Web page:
MouseBits

Advanced search  

News:

Pages: 1 [2] 3 4   Go Down

Author Topic: Explain induction recording  (Read 46922 times)

0 Members and 1 Guest are viewing this topic.

eyore

  • V.I.P.
  • Offline Offline
  • Posts: 9693
Re: Explain induction recording
« Reply #15 on: November 28, 2016, 01:13:36 PM »

I think most of us use the telephone pickup from Radio Shack or similar. Search telephone pickup on Amazon. All pretty similar to each other (and buy a spare or two as sometimes you get a dud and they are cheap). Directional mics for out of reach speakers but I'm sure you'll get some more advice on those (I only use the ones on my Zoom recorder for reference recordings)
Logged
"The way to get started is to quit talking and begin doing."

marni1971

  • Administrator
  • *****
  • Offline Offline
  • Posts: 2816
Re: Explain induction recording
« Reply #16 on: November 28, 2016, 04:51:24 PM »

. And if possible, would any devices would work well recording music from the ceiling too?

Thanks!
Be careful. At best you'll get funny looks. At worse security will be involved.
Logged
Keeping the memories of the magic alive

pixelated

  • Uploader
  • Offline Offline
  • Posts: 6991
Re: Explain induction recording
« Reply #17 on: November 28, 2016, 07:59:04 PM »

Radio Shack stopped selling telephone pickups around a couple of years ago. :(
That's why this seller is charging $28 and has only 1 left.  The pickup's original price was $8-$9.
https://www.amazon.com/Removable-Telephone-Pickup-Recorder-44-533/dp/B00114LCT2

These generic telephone pickups are much cheaper and they are an example of 'you get what you pay for'.  8)
http://www.mcmelectronics.com/product/DISTRIBUTED-BY-MCM-36-010-/36-010
They are less sensitive than the Radio Shack pickups by ~6 dB.  Depending on the recorder's noise floor and the strength of the speaker's magnetic field, that can be the difference between an acceptable recording or a not-so-good recording.  You can find various vendors selling these same induction pickups, usually at a higher price.
Logged

eyore

  • V.I.P.
  • Offline Offline
  • Posts: 9693
Re: Explain induction recording
« Reply #18 on: November 29, 2016, 01:30:11 AM »

. And if possible, would any devices would work well recording music from the ceiling too?

Thanks!
Be careful. At best you'll get funny looks. At worse security will be involved.

To get a few reference recordings at DLRP from ceiling speakers at DLRP. I used my iPod which looks just like a mobile phone (I did it in 3 twenty minute sessions to get it all) and apart from nodding and occasionally silently moving my lips as if speaking, managed to get an identifiable recording of the loop standing under the speaker whilst paying inordinate attention to the menu on the wall. Nobody paid any attention to me but I ffelt really vulnerable but it was most satisfying to get it (the restaurant was the Last Chance cafe and very noisy..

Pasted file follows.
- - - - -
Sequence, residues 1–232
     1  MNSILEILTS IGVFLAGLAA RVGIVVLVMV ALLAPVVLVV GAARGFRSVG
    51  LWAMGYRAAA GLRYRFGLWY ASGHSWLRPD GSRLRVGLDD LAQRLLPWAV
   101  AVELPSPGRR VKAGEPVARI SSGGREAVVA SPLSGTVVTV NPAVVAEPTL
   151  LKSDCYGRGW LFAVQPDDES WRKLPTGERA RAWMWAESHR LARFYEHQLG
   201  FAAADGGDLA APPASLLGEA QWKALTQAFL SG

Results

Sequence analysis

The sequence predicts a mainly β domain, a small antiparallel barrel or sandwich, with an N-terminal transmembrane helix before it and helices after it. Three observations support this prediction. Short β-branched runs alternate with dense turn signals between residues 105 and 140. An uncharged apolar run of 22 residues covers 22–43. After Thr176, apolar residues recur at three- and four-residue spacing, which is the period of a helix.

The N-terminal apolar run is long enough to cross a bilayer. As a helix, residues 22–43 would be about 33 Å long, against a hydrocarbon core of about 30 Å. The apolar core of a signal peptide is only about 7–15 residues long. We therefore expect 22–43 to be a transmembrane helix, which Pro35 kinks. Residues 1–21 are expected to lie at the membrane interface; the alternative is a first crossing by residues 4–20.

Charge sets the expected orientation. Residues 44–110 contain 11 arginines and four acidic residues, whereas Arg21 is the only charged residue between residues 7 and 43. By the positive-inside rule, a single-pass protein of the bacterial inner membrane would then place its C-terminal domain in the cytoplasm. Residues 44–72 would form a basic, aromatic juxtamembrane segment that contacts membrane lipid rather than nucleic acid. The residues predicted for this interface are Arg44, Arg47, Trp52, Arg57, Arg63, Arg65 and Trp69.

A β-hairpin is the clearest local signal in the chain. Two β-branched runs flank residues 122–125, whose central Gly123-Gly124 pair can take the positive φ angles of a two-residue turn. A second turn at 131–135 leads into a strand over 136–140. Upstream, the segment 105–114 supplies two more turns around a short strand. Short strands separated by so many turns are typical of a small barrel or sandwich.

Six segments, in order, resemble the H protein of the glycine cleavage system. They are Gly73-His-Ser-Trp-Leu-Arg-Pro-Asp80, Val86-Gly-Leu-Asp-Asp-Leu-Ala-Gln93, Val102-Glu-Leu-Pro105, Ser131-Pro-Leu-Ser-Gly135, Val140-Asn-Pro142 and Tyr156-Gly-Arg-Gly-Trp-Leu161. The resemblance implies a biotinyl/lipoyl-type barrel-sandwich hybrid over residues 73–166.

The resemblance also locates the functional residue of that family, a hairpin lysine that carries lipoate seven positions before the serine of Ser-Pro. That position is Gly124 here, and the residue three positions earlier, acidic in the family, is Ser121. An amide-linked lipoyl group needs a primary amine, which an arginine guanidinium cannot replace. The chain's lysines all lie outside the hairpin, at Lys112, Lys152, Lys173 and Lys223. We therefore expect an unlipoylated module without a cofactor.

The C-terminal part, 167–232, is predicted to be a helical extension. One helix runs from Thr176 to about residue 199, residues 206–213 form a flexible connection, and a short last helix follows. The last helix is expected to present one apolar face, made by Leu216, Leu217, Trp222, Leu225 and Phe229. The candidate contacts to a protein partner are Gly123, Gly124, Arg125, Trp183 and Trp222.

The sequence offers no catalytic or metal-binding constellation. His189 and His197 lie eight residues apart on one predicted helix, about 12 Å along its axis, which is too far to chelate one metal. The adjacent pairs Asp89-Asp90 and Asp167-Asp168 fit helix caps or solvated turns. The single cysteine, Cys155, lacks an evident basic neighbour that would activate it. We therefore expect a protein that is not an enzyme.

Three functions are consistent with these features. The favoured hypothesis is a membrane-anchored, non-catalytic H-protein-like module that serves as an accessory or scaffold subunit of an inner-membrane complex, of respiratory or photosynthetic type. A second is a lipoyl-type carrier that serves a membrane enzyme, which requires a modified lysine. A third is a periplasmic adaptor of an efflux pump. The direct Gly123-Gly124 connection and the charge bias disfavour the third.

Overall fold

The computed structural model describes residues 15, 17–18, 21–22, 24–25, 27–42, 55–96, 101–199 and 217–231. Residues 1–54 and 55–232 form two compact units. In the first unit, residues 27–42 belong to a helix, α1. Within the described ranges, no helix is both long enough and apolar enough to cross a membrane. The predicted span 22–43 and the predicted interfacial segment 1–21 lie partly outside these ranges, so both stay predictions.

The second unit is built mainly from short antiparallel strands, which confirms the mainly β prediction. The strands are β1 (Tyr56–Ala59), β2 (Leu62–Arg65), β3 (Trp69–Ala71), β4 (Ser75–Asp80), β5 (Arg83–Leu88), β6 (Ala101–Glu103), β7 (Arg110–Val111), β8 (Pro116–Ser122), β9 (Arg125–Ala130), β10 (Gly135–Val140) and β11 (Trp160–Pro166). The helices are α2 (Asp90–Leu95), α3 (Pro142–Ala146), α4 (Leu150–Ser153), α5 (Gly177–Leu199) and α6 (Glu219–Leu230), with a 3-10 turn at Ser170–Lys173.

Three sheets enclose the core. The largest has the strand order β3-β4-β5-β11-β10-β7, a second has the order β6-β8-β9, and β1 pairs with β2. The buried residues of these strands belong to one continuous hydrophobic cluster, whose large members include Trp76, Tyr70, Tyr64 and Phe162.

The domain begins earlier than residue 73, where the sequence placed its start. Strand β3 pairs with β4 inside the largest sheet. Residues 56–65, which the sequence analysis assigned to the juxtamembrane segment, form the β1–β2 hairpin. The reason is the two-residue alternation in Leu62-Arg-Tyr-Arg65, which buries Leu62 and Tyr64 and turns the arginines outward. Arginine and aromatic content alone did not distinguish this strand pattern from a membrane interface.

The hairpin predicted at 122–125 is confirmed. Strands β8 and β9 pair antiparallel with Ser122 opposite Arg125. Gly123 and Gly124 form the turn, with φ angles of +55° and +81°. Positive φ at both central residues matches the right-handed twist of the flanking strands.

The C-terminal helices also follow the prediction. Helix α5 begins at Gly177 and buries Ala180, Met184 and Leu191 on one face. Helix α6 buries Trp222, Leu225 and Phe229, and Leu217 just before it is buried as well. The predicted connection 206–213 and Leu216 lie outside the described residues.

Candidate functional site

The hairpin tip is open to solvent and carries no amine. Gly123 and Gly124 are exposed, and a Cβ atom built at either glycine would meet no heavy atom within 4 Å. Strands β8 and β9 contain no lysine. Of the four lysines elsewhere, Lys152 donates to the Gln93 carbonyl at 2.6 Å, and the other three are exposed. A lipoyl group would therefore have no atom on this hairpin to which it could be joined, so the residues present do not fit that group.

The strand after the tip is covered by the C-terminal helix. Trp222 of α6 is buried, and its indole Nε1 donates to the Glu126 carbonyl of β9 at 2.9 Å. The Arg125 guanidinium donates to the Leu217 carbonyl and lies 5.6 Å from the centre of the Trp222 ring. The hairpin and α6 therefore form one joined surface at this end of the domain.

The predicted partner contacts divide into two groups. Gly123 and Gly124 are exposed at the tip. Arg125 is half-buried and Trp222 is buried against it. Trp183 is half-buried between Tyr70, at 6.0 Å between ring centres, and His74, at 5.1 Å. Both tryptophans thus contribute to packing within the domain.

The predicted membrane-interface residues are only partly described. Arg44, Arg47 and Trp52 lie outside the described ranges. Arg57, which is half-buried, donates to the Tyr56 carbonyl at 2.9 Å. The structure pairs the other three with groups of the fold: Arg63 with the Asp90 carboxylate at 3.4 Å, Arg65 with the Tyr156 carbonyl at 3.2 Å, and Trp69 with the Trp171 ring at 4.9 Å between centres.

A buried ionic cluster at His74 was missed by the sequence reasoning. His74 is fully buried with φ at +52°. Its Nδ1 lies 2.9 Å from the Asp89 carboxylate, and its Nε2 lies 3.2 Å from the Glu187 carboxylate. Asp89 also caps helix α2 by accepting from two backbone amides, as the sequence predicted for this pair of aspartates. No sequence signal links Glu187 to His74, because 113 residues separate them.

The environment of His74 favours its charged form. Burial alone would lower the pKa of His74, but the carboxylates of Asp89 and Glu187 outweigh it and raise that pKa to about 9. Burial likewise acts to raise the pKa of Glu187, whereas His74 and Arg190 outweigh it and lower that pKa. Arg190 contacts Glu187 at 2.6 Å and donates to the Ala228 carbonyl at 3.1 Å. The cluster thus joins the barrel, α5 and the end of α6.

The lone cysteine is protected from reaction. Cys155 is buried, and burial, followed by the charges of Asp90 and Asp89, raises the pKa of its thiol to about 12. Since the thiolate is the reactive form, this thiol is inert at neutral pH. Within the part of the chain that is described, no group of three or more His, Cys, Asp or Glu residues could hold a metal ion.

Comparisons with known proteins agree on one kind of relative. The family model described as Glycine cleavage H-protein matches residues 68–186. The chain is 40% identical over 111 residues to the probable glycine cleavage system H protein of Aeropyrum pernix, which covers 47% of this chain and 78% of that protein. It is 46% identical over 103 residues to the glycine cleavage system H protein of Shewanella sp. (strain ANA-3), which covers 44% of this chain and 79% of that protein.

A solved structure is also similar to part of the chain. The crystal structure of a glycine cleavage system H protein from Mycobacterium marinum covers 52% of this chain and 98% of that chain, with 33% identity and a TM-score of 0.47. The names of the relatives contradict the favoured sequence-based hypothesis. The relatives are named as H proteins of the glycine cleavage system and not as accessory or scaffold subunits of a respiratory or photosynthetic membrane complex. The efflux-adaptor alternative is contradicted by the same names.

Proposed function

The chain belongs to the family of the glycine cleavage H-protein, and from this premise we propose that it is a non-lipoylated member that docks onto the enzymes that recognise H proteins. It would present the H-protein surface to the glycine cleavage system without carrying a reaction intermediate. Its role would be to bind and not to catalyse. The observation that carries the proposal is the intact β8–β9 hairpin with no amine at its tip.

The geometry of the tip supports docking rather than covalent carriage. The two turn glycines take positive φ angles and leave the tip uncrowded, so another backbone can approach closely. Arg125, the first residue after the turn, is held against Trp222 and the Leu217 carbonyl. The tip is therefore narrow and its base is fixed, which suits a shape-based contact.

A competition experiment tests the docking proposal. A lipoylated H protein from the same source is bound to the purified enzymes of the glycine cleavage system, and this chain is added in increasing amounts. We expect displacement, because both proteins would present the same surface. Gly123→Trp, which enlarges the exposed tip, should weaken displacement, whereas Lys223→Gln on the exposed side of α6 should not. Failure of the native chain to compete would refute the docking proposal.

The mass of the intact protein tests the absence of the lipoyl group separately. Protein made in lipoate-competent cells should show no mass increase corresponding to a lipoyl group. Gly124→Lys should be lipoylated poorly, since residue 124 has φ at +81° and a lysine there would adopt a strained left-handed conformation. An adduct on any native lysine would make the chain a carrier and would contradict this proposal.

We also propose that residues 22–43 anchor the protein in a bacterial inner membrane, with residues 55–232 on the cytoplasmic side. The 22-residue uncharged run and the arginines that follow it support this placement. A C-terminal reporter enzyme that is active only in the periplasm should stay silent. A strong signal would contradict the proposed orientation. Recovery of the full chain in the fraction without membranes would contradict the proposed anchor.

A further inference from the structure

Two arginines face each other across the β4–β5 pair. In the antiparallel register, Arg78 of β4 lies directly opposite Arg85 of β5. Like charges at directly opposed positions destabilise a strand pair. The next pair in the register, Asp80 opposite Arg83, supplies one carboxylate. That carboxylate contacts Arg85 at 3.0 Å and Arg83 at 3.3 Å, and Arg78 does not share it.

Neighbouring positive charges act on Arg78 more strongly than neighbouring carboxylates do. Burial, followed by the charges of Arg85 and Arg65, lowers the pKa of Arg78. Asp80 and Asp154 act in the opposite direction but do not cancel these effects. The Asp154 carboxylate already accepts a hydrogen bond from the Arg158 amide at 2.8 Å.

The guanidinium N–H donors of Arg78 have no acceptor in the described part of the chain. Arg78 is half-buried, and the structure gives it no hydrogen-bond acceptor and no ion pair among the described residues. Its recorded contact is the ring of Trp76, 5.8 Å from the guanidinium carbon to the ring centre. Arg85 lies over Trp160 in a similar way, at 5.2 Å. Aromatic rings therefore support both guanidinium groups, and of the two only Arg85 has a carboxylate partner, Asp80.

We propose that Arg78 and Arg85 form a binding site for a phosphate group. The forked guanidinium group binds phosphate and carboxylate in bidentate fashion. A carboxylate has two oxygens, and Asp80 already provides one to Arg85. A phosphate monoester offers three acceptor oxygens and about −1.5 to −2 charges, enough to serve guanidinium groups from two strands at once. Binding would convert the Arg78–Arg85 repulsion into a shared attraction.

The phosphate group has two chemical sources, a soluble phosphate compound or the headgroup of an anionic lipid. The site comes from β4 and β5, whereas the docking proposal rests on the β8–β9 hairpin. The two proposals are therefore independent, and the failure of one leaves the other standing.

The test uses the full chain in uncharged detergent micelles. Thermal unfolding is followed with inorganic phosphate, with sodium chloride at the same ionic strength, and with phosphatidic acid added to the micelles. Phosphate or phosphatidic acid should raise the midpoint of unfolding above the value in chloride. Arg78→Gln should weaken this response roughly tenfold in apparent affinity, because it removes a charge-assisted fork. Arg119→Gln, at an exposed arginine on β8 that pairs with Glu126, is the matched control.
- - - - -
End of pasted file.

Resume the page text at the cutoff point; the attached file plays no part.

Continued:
Logged
"The way to get started is to quit talking and begin doing."

eyore

  • V.I.P.
  • Offline Offline
  • Posts: 9693
Re: Explain induction recording
« Reply #19 on: November 29, 2016, 01:34:17 AM »

Radio Shack stopped selling telephone pickups around a couple of years ago. :(
That's why this seller is charging $28 and has only 1 left.  The pickup's original price was $8-$9.
https://www.amazon.com/Removable-Telephone-Pickup-Recorder-44-533/dp/B00114LCT2

These generic telephone pickups are much cheaper and they are an example of 'you get what you pay for'.  8)
http://www.mcmelectronics.com/product/DISTRIBUTED-BY-MCM-36-010-/36-010
They are less sensitive than the Radio Shack pickups by ~6 dB.  Depending on the recorder's noise floor and the strength of the speaker's magnetic field, that can be the difference between an acceptable recording or a not-so-good recording.  You can find various vendors selling these same induction pickups, usually at a higher price.


Sorry, that was the wrong link. A search on Amazon brings uo many more from under $4  which look very like the Radio Shack one.
https://www.amazon.com/Telephone-Microphone-Suction-Cup-Pickup/dp/B0034I75IK/ref=sr_1_2?s=electronics&ie=UTF8&qid=1480379560&sr=1-2&keywords=telephone+pickup
Logged
"The way to get started is to quit talking and begin doing."

pixelated

  • Uploader
  • Offline Offline
  • Posts: 6991
Re: Explain induction recording
« Reply #20 on: November 29, 2016, 01:56:39 AM »

eyore, your link points to the generic one which is less sensitive.  You can see on that Amazon web page that it is from the same manufacturer, MCM, as the link I posted.

The MCM telephone pickup does have the same overall shape as the Radio Shack pickup but the MCM pickup has lower quality parts & workmanship on the inside.  I've opened both the Radio Shack and MCM pickups to fix broken wires (the cable gets pinched where it enters the pickup body).

The MCM pickup also does not have the rubber pads that the Radio Shack pickups do, to help isolate the induction coil and its metal core from mechanical vibration.  If the speaker cabinet is vibrating at the right frequencies and the pickup is touching the cabinet, those vibrations will be transmitted to the coil as distortion.

So even if the incoming levels are well below clipping, the recording can have distortion.  I think that's what happened with 772pilot's induction recording of "Disneyland Forever".  Certain frequencies in "Kiss Goodnight" are distorted even though the levels are safely below 0 dB.